Open Education Is About Improving Lives, Not Taking Tests

Open and participatory models for organizing have deep implications for education.

Don Watkins

While recently reading The Innovator's Mindset: Empower Learning, Unleash Talent and Lead, by George Couros, I was struck by the parallels between the author's thinking and that of Jim Whitehurst in The Open Organization: Igniting Passion and Performance.

"Sometimes it scares me to think that we have taken the most human profession, teaching, and have reduced it to simply letters and numbers," Couros says early in the book. "We place such an emphasis on these scores, because of political mandates and the way teachers and schools are evaluated today, that it seems we've forgotten why our profession exists: to change—improve—lives."

In other words education has lost it's "Why?"—and that is central to its mission.

Immediately I saw the parallels to The Open Organization. Central to the open organization is a completely different model of organization. Conventional organizations are top-down, while open organizations are bottom-up. In conventional "What we do" and "How we do it" are most important. But in the bottom-up open organization "Why we do it" is most important, and this emotional connection between and among the members of the open organization motivates the community and drives innovation.

"People join us because they want to," Whitehurst says. "Contribution is critical, but it's not a quid pro quo. The best ideas win regardless of who they come from. We encourage and expect open, frank, and passionate debate. We welcome feedback and make changes in the spirit of 'release early—release often.' In short, we've found that the best practices in creating open source software also translate well into managing the entire company."

The visceral connection that community members have for their work is something they much more easily communicate and share with clients, whether in education or in the marketplace. Those of us in open organizations "buy in" to what we do because we believe in what we are doing and we are able to "sell" that idea to others.

In this vein, George Couros cites the work of Simon Sinek, specifically How Great Leaders Inspire Action in which Sinek explained that all great organizations "start with their 'why' and then move toward the what and the how."

Likewise, Jim Whitehurst says, "The conventional approach to business management was not designed to foster innovation, address the needs and expectations of the current workforce that demands more of jobs, or operate at the accelerated speed of business. I came to realize, in other words, that the conventional way of running companies had major limitations that are now becoming more acute."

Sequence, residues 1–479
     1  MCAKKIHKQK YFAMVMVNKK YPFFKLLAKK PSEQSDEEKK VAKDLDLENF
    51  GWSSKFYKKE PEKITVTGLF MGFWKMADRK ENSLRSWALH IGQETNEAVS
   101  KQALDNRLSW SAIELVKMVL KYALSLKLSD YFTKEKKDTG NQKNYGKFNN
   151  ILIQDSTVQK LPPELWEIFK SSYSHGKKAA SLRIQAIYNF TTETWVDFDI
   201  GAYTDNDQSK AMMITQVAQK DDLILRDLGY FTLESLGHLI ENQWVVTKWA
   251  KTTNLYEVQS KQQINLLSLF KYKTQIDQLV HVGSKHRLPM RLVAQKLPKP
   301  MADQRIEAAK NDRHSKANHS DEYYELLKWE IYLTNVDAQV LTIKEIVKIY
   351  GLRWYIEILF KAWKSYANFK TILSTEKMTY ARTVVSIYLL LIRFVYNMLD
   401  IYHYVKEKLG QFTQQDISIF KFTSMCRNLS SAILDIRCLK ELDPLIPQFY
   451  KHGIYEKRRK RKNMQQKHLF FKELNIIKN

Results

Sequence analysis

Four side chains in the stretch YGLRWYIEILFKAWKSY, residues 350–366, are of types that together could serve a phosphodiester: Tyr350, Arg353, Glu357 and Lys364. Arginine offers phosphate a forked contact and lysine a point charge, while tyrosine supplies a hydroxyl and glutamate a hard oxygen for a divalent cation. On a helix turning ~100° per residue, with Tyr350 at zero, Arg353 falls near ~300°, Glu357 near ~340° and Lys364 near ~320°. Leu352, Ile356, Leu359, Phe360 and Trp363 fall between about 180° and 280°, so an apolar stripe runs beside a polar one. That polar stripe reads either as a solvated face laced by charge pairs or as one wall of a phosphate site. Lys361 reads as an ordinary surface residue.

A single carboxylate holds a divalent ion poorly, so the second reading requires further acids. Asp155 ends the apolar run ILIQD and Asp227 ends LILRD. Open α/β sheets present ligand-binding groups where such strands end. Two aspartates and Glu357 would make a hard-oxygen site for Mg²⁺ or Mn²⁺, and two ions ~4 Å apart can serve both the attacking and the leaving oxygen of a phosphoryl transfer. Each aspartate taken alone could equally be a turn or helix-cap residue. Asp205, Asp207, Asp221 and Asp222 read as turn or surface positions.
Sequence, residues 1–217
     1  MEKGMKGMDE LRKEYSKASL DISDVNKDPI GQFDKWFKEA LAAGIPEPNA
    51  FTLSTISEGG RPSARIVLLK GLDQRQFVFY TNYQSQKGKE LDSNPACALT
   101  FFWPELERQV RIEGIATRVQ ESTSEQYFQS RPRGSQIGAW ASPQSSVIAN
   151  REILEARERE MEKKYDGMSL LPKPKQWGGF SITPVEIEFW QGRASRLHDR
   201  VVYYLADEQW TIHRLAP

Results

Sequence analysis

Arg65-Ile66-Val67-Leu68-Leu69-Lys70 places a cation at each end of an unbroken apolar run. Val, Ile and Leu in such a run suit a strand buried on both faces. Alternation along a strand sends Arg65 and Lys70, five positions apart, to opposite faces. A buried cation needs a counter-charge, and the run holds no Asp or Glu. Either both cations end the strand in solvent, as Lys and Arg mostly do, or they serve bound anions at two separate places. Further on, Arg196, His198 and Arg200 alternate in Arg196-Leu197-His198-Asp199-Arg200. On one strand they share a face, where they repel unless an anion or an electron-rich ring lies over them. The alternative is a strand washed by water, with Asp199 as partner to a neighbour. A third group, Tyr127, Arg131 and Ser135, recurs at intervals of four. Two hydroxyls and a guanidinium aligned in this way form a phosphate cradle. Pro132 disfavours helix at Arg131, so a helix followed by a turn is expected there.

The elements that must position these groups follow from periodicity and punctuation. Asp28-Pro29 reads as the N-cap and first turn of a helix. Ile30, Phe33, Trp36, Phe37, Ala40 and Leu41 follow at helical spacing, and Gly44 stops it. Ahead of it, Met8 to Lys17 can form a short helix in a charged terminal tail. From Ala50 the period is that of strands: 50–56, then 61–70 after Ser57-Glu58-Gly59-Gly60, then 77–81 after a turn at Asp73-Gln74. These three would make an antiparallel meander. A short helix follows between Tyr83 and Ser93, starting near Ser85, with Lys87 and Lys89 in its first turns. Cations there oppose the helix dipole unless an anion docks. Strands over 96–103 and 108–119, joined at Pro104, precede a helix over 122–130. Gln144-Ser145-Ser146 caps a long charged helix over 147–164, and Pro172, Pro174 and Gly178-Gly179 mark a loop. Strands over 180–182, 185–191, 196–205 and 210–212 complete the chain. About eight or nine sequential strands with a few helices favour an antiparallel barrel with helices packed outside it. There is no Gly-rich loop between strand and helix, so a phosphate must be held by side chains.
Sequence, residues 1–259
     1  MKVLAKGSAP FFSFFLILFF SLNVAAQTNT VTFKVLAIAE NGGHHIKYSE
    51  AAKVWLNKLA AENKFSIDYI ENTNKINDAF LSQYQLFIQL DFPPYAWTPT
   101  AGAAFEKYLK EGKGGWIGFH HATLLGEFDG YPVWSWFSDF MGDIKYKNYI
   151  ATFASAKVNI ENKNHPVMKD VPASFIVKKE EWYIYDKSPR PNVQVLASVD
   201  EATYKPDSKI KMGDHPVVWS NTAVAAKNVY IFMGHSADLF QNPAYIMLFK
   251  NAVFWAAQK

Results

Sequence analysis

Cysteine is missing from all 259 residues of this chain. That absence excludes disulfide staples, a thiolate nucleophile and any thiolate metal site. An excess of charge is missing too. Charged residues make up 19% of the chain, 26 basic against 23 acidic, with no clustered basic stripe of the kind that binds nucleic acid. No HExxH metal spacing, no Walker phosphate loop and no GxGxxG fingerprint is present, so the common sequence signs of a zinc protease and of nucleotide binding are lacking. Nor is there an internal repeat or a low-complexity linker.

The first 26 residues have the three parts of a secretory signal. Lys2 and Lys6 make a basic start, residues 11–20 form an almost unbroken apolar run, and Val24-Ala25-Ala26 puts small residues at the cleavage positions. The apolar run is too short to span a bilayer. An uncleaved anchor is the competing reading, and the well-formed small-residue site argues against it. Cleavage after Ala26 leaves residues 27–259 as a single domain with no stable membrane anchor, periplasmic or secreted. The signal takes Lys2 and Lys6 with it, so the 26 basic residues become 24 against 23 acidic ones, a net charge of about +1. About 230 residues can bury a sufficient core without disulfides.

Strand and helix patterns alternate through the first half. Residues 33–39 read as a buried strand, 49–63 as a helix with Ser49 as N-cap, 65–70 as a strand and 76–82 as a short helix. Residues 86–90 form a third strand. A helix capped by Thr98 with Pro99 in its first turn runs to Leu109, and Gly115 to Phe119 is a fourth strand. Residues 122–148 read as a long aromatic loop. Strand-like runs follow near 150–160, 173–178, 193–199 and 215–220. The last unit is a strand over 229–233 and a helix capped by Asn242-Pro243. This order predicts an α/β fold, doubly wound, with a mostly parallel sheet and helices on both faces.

In like manner, the conventional approach in education was not designed to foster innovation, and it is not meeting the needs of our students or the workforce they enter. Couros hopes his book and the ideas contained therein can change the paradigm in education. His "Why?" is, "When forward-thinking schools encourage today's learners to become creators and leaders, I believe they, in turn, will create a better world." The Open Organization can provide a model for education that capitalizes on everyone's passion, provides an environment for innovation and serves as a catalyst for the change envisioned in The Innovator's Mindset.

Open source communities operate on a level beyond crowdsourcing, going beyond the one-way and one-time-only arrangements in which a lot of people give their ideas or answers but don't engage with each other over time. Instead, the way they operate is better described as open sourcing, where contributors work together as a community, building on each other's work, to arrive at the best solution to a complicated problem, according to Whitehurst.

On the other hand, George Couros writes about "crowd accelerated innovation," which Twitter and other social media that allow people with a common interest to more easily connect can actually facilitate.

Couros draws on points made in Chris Anderson's 2010 TED talk about "Crowd Accelerated Innovation." In that talk Anderson noted that, "The bigger the crowd, the more potential innovators there are." Anderson also said, "You need clear, open visibility of what the best people in that crowd are capable of because that is how you will learn, how you will be empowered to participate." An open organization with its inherent transparency creates the necessary dynamic that facilitates this visibility and promotes the creating, sharing, and synthesizing new ideas.

It's easy to see that an open organization benefits education and facilitates innovation in a way that is not possible in the old "top down" model of management. It's not hard to imagine an education system that rewards openness and innovation. Transparency benefits everyone and encourages innovation while reducing silos in the education community. Couros states in the book that education leaders "must promote and capitalize on open, connected learning." He dedicated an entire chapter in the book to the concept of openness and open source in education. He embraces the open ethos and encourages his readers to do the same. He emphatically states that, "So whether it is developing better dancers, creating or remixing music, or designing a better classroom experience, the more open we are, the more likely something amazing will come out of it."

"Our world today is participatory," he says. "Sharing should not be the exception, but the rule."

Open education is about improving lives, not taking tests was authored by Don Watkins and published in It is being republished by Open Health News under the terms of the Creative Commons Attribution-ShareAlike 4.0 International License (CC BY-SA 4.0). The original copy of the article can be found here.